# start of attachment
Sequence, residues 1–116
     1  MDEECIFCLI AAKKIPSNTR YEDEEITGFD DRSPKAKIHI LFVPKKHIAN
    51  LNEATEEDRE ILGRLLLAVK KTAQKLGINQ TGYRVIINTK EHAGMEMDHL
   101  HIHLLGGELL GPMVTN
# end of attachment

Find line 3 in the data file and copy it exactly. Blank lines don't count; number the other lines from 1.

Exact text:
    51  LNEATEEDRE ILGRLLLAVK KTAQKLGINQ TGYRVIINTK EHAGMEMDHL